I have an internal peace when a painting is complete. There will be a strong balance of contrast, darks and lights as well as an overall cohesive style throughout the piece. This gets a whole lot easier the more one paints and learns to “see” the elements of impact for visual art pieces.
ABOVE LEFT Ardith’s unique abstract paintings often depict characters from her imagination who play important roles in the books she’s currently writing. Here, she portrays a mother and child, which she worked on and completed following this photo shoot.
ABOVE RIGHT A mixed media work entitled “Princess Fairy Fartblossom and Sir Flatulancealot” shows an Ardithian couple on their wedding day.
Where do you find your inspiration?
It’s my belief that we’re surrounded by energy at all times, but we don’t see it. Like when we plug something into a socket — we don’t see it, but it’s there. There’s energy that flows through us, flows around us; it impacts us and we impact it. I tend to visualize that and ask, what would it look like if you could see it? A lot of that is connected to the energy of love. I’m quite idealistic in my optimism, but I’d rather that than be pessimistic. Go ahead and call me a Pollyanna — my husband does all the time!
Do you believe in self-actualization as an artist?
For me, the journey is key. Number one is all about creativity, my point of view. I value what I do and I feel confident where I am, but it’s a much bigger picture than just painting. It’s a way of life. I’m going to give it all that I have and strive for excellence and mastery but not with the mindset that it needs to be perfect. Perfection is a mindset that humans created to set themselves up for failure.
What do you love about creating art in Mobile?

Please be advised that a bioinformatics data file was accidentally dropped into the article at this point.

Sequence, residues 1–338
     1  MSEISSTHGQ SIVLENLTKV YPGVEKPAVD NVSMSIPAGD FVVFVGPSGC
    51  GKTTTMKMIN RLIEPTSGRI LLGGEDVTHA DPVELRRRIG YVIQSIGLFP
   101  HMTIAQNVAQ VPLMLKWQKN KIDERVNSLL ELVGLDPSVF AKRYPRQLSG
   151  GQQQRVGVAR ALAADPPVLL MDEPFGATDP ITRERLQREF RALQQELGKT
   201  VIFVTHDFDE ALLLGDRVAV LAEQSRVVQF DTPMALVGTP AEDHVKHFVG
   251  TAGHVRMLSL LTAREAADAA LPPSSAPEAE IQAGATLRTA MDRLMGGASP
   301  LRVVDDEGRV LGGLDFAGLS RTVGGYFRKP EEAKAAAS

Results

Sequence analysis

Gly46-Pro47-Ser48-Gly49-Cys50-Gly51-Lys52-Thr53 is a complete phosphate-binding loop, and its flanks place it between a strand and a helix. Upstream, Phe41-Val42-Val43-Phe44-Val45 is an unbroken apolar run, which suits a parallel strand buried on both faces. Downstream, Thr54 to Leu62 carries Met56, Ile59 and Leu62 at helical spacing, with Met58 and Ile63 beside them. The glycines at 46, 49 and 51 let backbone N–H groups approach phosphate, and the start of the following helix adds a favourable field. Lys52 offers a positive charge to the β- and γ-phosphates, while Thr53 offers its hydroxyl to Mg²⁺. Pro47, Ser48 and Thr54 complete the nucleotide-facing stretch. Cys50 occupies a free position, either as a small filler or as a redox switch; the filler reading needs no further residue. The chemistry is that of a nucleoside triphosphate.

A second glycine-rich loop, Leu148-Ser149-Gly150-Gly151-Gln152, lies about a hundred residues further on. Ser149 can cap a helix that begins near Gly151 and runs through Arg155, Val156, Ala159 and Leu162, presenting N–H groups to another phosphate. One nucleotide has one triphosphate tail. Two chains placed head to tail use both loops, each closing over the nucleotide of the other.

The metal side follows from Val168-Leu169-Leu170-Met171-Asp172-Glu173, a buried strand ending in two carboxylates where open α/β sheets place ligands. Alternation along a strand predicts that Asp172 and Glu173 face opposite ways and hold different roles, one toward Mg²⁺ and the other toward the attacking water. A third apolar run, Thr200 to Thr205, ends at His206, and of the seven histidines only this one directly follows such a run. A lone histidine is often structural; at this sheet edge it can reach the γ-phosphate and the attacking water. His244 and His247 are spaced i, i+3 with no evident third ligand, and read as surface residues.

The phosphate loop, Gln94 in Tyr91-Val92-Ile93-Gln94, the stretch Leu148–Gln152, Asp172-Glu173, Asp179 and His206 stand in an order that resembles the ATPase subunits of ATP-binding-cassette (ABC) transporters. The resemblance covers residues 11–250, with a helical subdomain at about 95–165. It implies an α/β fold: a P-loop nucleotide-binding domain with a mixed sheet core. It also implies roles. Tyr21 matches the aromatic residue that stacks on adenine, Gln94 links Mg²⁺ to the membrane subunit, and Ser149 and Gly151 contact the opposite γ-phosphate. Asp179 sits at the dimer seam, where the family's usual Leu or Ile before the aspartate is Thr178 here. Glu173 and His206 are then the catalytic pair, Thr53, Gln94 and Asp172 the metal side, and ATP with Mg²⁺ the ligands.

Mobile is such a cool place. There are some amazing creative humans that live in this city. I’m one of the cofounders of Artology Gallery and Gifts (which features work from local artists). And the Alabama Contemporary Art Center is such an amazing space. Just having a place for artists to fly in from around the nation and take a workshop in Mobile is exciting.
There’s this quote from Eugene Walter about how mobile is “sweet lunacy's county seat, ” and “the land of clowns, ghosts, and musicians …”
Oh my gosh! I come from a family of professional clowns! My sister and my mom, my aunts, were professional clowns. I used to be one! For a short stint, I was Blueberry the Clown. I was a hoop clown with a yellow wig. It was outrageous! I’m quite bubbly and joy-ful now, but I didn’t care for the years I was a clown. But when people met me, they were like, you’re the most hysterical clown ever!
The power of the mind never ceases to amaze. It can recognize splendor, sure, but its true strength lies in the ability to create exquisite beauty out of hardship. And there is no better proof of that than in Ardith. Through pain, she sought hope in the comforting embrace of a world all her own, and her life’s mission is to welcome all others to the wonderful, fantastical, imaginative Land of Ardithian.
For information about Ardith’s workshops, or to purchase or commission a piece, visit ardithgoodwin.com.
text and interview by Chelsea Wallace Adams and parker butler • photos by jennie tewell